Vietnam needs hotel rooms. According to Business Monitor International's latest Vietnam Tourism Report, hotel rates in the country soared year-on-year by 40 percent in 2007 as increased visitor numbers sought limited rooms. The capital city of Hanoi, for example, needs another 13,000 rooms by 2011 if it is to meet demand.
Banyan Tree Holdings, the Singapore listed developer and manager of leisure resorts in the region, is banking on such rising visitor numbers to Vietnam as it raises its latest vehicle, the Banyan Tree Indochina Hospitiality Fund.
“Awareness of this region is growing and this can be observed from the encouraging growth in tourism figures over the last few years with double digits recorded in international arrivals,” Steve Small, chief executive of the fund told PERE. His findings were supported by Vietnam's National Administration of Tourism, which found that in the first quarter of 2008, 1.28 million people visited Vietnam, a 15.7 percent on 2007 numbers.
Vietnam, and in particular Banyan Tree's 686 acre Laguna Hue resort development near Danang and Hue airports, will absorb 75 percent of the fund's $400 million equity target, with Cambodia and Laos, sharing the remaining 25 percent.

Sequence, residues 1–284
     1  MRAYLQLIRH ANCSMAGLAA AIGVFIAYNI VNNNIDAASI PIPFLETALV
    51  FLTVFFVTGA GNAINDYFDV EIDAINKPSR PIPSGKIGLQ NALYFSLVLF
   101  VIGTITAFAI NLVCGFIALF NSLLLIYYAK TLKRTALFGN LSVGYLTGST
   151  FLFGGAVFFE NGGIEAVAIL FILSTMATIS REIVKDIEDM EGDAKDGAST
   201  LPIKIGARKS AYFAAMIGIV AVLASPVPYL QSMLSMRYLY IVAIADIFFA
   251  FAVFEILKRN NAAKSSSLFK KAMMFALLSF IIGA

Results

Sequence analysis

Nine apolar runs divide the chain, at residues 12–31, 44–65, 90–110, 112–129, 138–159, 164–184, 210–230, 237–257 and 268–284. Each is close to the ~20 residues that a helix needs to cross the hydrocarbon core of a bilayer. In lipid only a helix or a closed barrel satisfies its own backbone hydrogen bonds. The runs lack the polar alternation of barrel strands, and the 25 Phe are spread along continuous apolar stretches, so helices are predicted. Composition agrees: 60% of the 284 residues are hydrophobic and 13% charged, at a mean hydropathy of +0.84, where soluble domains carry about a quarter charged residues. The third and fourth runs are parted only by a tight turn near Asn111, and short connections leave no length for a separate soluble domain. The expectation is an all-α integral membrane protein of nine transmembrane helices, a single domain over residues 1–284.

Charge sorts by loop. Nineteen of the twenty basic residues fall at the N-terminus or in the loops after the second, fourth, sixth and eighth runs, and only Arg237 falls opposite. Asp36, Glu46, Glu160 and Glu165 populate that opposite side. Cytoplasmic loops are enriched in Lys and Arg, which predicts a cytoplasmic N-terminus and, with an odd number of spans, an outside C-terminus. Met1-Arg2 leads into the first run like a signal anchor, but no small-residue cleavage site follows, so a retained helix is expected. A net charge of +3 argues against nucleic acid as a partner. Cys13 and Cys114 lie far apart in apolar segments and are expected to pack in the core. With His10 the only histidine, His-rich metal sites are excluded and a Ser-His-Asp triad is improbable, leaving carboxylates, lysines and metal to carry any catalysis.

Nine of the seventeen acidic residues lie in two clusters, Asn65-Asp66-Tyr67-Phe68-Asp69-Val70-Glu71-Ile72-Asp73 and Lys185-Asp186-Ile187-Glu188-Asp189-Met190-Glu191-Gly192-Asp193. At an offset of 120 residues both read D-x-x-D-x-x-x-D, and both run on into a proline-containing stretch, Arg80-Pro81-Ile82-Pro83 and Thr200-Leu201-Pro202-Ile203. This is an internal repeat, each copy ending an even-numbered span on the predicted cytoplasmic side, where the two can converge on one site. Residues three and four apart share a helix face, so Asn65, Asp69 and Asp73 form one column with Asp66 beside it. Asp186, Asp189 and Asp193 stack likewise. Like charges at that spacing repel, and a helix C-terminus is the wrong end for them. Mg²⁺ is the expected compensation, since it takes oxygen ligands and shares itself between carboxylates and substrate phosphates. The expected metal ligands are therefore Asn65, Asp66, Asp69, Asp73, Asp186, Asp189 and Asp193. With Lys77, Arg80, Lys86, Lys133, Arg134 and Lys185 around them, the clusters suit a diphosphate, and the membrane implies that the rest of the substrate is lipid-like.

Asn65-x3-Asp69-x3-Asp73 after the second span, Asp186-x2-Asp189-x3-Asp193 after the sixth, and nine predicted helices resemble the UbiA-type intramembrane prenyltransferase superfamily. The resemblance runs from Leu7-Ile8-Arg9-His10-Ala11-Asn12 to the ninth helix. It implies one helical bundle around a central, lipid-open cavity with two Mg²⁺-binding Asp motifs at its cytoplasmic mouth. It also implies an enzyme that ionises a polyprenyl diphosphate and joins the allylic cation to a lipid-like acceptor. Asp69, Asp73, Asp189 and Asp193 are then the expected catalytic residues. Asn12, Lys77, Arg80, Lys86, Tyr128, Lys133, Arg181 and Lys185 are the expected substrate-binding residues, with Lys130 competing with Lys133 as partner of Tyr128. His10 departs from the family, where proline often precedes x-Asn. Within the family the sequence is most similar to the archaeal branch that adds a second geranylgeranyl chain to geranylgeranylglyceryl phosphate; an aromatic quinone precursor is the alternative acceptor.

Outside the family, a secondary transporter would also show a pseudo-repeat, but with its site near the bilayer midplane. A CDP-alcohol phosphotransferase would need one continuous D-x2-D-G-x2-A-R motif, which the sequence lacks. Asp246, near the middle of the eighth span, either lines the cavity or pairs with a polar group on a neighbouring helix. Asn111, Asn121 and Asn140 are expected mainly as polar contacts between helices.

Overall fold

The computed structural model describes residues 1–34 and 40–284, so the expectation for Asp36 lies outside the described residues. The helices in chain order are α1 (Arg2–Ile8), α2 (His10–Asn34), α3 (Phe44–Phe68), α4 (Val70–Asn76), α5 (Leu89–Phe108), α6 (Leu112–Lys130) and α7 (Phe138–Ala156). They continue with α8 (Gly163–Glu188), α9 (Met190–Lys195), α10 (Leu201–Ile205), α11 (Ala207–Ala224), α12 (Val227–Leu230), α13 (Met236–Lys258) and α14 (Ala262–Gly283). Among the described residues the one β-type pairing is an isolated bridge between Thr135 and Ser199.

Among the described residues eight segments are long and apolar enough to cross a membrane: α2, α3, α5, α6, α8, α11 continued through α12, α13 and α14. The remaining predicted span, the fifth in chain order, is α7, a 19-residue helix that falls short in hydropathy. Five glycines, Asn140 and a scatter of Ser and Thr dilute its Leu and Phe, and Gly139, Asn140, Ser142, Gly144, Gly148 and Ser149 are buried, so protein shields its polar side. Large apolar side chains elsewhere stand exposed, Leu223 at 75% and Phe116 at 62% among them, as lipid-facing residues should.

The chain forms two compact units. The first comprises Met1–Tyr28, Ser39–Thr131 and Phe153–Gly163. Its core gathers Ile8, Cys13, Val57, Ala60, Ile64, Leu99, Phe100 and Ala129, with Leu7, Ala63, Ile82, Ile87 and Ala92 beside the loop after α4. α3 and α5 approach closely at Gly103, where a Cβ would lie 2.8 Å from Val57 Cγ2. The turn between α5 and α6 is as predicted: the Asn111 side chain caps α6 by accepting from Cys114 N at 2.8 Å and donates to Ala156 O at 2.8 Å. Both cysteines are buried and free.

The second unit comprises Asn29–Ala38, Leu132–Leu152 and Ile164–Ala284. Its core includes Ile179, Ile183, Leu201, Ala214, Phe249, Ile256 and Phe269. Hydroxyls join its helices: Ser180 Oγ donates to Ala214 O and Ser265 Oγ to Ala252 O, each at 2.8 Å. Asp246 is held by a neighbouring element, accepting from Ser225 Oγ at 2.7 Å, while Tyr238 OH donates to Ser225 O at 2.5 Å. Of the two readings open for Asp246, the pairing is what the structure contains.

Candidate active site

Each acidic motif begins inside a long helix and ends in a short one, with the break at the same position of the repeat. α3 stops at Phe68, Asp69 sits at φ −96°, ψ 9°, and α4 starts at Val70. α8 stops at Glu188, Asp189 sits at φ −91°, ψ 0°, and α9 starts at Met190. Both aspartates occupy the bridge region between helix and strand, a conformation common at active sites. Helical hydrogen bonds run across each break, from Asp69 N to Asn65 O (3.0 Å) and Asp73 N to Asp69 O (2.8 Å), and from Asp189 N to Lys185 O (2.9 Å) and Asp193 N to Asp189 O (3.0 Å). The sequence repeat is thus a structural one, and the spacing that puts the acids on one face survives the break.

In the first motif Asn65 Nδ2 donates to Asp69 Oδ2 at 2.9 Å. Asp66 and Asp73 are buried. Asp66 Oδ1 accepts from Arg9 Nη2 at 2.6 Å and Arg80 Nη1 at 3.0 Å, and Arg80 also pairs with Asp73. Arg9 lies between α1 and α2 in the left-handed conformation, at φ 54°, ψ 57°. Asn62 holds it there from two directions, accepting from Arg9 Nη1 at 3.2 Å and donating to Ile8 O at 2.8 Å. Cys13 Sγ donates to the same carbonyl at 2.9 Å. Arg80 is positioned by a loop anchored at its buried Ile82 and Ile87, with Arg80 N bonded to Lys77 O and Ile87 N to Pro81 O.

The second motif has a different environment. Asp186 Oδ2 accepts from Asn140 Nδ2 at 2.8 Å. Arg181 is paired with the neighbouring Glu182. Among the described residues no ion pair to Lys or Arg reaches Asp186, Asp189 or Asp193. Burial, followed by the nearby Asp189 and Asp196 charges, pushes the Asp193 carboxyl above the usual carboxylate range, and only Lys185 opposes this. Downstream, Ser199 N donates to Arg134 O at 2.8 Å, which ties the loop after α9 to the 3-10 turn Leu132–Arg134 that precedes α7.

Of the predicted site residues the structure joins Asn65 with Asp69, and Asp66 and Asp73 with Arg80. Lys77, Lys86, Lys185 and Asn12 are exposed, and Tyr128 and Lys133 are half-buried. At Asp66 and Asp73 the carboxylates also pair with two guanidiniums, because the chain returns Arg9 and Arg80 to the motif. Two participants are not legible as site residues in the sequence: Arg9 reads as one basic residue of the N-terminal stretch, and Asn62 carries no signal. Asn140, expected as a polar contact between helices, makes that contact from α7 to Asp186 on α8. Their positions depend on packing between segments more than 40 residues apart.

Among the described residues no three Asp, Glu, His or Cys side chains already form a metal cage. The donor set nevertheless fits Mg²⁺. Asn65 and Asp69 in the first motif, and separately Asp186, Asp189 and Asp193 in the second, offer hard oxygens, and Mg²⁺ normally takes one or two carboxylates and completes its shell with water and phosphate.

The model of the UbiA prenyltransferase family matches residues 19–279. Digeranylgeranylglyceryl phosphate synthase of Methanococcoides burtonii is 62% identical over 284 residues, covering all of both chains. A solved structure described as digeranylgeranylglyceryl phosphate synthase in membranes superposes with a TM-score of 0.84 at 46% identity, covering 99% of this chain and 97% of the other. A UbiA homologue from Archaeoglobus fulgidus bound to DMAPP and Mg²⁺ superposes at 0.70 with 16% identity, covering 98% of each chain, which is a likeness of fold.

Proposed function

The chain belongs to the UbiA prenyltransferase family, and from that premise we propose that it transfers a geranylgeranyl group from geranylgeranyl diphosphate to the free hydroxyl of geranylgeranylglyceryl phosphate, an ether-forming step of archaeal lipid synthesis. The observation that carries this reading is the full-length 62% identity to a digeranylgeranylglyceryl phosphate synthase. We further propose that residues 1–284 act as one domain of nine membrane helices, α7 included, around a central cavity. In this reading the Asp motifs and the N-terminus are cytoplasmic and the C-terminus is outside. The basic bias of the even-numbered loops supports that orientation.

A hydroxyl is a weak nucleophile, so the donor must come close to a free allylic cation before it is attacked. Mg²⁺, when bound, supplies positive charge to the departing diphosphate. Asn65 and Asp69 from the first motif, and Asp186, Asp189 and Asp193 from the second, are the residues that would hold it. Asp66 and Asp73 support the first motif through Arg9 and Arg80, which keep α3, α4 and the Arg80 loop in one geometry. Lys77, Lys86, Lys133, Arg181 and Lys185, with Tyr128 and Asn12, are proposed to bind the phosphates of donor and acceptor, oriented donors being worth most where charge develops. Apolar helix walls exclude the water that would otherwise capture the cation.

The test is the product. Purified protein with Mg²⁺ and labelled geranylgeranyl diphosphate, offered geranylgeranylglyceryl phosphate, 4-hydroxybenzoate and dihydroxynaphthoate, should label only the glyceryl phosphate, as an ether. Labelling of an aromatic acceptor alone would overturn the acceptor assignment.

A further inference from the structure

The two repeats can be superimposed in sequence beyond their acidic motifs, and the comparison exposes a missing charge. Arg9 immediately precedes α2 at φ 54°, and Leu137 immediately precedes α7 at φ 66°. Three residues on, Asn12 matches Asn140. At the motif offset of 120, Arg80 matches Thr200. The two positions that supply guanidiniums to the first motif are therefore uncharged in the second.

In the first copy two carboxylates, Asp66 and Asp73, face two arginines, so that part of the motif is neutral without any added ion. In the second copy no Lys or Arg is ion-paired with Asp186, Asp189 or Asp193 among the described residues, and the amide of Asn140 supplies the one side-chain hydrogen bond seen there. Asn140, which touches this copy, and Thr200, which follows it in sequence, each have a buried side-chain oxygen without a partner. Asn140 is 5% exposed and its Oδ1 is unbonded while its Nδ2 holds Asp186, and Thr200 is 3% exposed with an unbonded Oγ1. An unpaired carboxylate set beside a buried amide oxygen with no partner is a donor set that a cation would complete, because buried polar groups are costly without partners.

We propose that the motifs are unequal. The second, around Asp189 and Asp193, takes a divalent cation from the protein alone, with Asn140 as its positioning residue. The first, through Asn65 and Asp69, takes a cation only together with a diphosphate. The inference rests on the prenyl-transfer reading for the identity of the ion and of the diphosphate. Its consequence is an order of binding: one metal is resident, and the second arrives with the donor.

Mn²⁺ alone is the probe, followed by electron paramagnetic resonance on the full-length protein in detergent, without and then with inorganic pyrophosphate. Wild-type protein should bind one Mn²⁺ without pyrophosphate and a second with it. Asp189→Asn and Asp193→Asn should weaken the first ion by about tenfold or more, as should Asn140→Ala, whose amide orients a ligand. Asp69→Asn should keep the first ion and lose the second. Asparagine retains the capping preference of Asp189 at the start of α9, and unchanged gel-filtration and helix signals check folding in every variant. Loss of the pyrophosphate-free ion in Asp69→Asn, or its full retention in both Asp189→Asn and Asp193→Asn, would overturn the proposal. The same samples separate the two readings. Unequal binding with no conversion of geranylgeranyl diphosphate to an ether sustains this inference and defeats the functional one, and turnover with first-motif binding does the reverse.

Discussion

“It is expected that tourist arrivals will continue to display an upward trend as these economies continue to open up and the government of each country continues to invest in their infrastructure and tourism sectors,” Small said.
Banyan Tree Indochina Hospitality Fund's main investors are HSBC Special Investments and Nan Fung. Last month, both contributed $16.7 million to the fund, as it sought a third equity raise of $100 million. Banyan Tree and another undisclosed investor contributed the remaining two-thirds.
The investments by HSBC and Nan Fung were their second in the fund, after previously committing $33 million each last February. The fund now stands at $268 million with a fourth and final close due in the first quarter of 2009.
Small says Banyan is targeting opportunistic returns of approximately 30 percent from the seven-year vehicle.
However Banyan Tree's investors will need to have faith in the projected spoils as other Vietnamese economic statistics present mixed tales.
According to the Economist Intelligence Unit, Vietnam's gross domestic product growth is set to fall from an average of 8.1 percent between 2003 and 2007 to 3.2 percent in 2009 as weaknesses in global trade hit Vietnamese exports hard. On the flipside, the massive 22.4 percent rate of inflation experienced in the country last year as a result of rising food and fuel prices is expected to dissipate to a more reasonable 6.3 percent in the next 12 months.